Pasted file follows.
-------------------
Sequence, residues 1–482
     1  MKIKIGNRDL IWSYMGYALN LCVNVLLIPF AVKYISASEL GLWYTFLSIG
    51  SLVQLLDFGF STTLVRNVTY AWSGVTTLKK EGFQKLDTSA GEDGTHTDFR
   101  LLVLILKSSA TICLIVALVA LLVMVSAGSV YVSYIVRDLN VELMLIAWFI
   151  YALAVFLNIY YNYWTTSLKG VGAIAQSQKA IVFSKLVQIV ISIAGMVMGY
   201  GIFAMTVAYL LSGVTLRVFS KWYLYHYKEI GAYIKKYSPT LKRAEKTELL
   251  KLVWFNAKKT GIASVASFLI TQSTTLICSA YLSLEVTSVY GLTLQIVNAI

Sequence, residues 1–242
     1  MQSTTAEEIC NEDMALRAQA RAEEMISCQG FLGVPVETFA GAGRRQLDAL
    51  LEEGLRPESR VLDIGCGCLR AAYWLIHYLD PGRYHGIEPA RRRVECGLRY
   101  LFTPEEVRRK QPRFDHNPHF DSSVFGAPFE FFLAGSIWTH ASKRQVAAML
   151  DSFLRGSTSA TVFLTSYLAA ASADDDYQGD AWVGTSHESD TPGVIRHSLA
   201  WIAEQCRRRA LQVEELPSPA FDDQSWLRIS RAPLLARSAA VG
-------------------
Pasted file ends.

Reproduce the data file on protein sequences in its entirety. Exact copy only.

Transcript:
Sequence, residues 1–482
     1  MKIKIGNRDL IWSYMGYALN LCVNVLLIPF AVKYISASEL GLWYTFLSIG
    51  SLVQLLDFGF STTLVRNVTY AWSGVTTLKK EGFQKLDTSA GEDGTHTDFR
   101  LLVLILKSSA TICLIVALVA LLVMVSAGSV YVSYIVRDLN VELMLIAWFI
   151  YALAVFLNIY YNYWTTSLKG VGAIAQSQKA IVFSKLVQIV ISIAGMVMGY
   201  GIFAMTVAYL LSGVTLRVFS KWYLYHYKEI GAYIKKYSPT LKRAEKTELL
   251  KLVWFNAKKT GIASVASFLI TQSTTLICSA YLSLEVTSVY GLTLQIVNAI

Sequence, residues 1–242
     1  MQSTTAEEIC NEDMALRAQA RAEEMISCQG FLGVPVETFA GAGRRQLDAL
    51  LEEGLRPESR VLDIGCGCLR AAYWLIHYLD PGRYHGIEPA RRRVECGLRY
   101  LFTPEEVRRK QPRFDHNPHF DSSVFGAPFE FFLAGSIWTH ASKRQVAAML
   151  DSFLRGSTSA TVFLTSYLAA ASADDDYQGD AWVGTSHESD TPGVIRHSLA
   201  WIAEQCRRRA LQVEELPSPA FDDQSWLRIS RAPLLARSAA VG